Aquaman and the Lost Kingdom Review

REVIEW: Aquaman and the Lost Kingdom

Aquaman and the Lost Kingdom is the sequel to 2018’s Aquaman, and the final film before the DC Universe is rebooted. And as a final farewell to the DCEU, this Aquaman sequel is sadly lacking.

Jason Momoa returns as Arthur Curry aka Aquaman, 4 years on from the events that took place in the first film. He has now married Mera (Amber Heard) and has a son, Arthur Jr, splitting his life between the land and being King of Atlantis in the sea. Being King isn’t quite what Arthur thought it would be, and despite his family’s help, he becomes increasingly frustrated with the Atlanteans and their antiquated ways.

Aquaman and the Lost Kingdom Review

Meanwhile, David Kane aka Black Manta (Yahya Abdul-Mateen II) continues to plot revenge against Aquaman for killing his father. Working with scientist Dr Steven Shin (Randall Park), they are scouring the Antarctic for ancient Atlantean relics that Kane can use in his fight against Aquaman. On one such trip, Dr Shin inadvertently stumbles across an ancient civilisation with monstrous creatures and unusual machines, where Kane discovers a black trident that possesses him and promises to bring him the power he needs to destroy Aquaman.

Aquaman and the Lost Kingdom Review

Five months later, Kane infiltrates Atlantis to steal a material called orichalcum to power the ancient machines he has obtained. He’s intercepted by Arthur while trying to escape Atlantis, but manages to flee after injuring Mera and putting the population in danger. On speaking with his mother Atlanna (Nicola Kidman), Arthur discovers orichalcum has the potential to destroy the planet and must stop Kane before it is too late. To do so, he has to seek the help of his imprisoned brother Orm (Patrick Wilson), who isn’t too keen to see him.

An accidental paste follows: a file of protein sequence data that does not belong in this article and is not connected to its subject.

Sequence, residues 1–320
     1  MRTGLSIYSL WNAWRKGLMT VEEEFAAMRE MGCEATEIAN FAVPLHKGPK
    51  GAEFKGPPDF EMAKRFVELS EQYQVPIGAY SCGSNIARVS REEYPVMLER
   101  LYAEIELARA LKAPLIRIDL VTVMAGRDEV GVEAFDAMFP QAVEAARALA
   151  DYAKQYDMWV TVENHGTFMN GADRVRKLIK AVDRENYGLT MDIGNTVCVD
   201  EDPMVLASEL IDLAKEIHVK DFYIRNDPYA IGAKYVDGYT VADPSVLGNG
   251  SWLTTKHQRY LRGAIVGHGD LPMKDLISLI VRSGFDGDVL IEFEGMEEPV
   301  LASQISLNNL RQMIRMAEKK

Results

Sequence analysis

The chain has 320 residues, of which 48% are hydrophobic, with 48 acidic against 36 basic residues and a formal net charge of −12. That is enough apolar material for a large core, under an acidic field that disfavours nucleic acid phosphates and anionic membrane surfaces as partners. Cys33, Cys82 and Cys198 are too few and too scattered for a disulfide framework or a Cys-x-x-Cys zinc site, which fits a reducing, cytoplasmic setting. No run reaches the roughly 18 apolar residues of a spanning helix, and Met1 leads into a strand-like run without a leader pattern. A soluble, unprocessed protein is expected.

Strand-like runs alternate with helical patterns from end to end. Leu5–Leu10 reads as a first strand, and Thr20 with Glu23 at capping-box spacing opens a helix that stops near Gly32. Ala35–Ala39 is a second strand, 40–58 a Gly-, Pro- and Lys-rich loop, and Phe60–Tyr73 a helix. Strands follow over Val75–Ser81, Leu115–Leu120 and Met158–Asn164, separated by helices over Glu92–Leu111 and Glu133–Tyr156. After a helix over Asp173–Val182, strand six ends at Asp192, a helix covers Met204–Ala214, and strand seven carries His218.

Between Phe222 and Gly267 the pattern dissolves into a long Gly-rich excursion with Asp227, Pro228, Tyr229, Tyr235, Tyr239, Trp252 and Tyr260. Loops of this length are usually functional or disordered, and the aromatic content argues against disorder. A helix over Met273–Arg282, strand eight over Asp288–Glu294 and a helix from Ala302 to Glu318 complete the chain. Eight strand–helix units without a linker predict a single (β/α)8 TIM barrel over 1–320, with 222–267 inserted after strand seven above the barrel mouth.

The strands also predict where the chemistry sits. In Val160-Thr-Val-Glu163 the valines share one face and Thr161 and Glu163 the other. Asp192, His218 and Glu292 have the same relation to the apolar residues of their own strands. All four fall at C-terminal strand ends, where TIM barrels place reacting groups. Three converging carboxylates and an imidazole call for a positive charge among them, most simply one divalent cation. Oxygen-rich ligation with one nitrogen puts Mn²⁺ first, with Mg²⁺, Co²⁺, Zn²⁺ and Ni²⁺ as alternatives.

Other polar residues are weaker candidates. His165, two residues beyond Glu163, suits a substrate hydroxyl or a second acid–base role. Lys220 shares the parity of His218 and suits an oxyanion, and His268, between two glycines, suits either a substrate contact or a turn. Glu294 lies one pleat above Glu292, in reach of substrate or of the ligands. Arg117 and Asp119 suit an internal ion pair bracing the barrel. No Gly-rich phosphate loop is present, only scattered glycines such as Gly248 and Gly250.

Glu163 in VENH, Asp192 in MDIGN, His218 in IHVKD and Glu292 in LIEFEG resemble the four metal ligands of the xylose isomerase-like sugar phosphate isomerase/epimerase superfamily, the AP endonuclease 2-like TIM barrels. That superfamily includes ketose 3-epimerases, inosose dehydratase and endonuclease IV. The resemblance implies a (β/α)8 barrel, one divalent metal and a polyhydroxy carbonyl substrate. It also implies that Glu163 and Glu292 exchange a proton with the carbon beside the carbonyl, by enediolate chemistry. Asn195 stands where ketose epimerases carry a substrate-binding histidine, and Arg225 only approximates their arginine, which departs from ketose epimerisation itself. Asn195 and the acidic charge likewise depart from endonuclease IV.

I wasn’t a big fan of the first Aquaman film, although overall it was silly enough to be vaguely entertaining. Unfortunately, this sequel repeats the same mistakes as the first, but this time failing to even be as entertaining. The script is horrendous, the large majority of jokes and one-liners fall flat and sometimes even had me physically cringing they were that bad. There are some decent quips in between all of the guff, but they’re few and not enough. Even Randall Park who could excel in a role like Dr Shin just isn’t given the right material to work with which is such a shame. The CGI and action also vary between pretty dire and impressive, but sadly it’s the former that sticks out. I found the underwater CGI scenes so grating and completely horrible to watch as they just looked so bad. 

Aquaman and the Lost Kingdom Review

The plot itself is also pretty stupid and lacking in any real threat or intrigue, and I found myself struggling to follow it at points because it was just so ridiculous. And it doesn’t get off to a good start either when the five-month time jump early on doesn’t see Arthur’s baby son age a day.  Also, I thought Black Manta as a villain was terrible in the first film and he’s even more so now. His revenge story is so dull and tedious and this is nothing against Yahya Abdul-Mateen II’s performance, it’s not his fault that the character is so bad. The real villain who could’ve been quite threatening is never given the screen time he deserves, frustratingly so when he’s played by Game of Thrones alumni Pilou Asbæk. 

The only shining lights in this film are Jason Momoa’s charismatic performance yet again as Arthur, who is a lot of fun even when he’s got little to work with, and the brilliant chemistry between him and Patrick Wilson as Orm. The moments when these two are on screen together bickering is genuinely the only time this film is enjoyable, and sadly there just wasn’t enough of these moments to keep me entertained for the entire film.

Despite the likeable buddy comedy of Momoa and Wilson, it isn’t enough to make Aquaman and the Lost Kingdom a fitting send-off for the DCEU.

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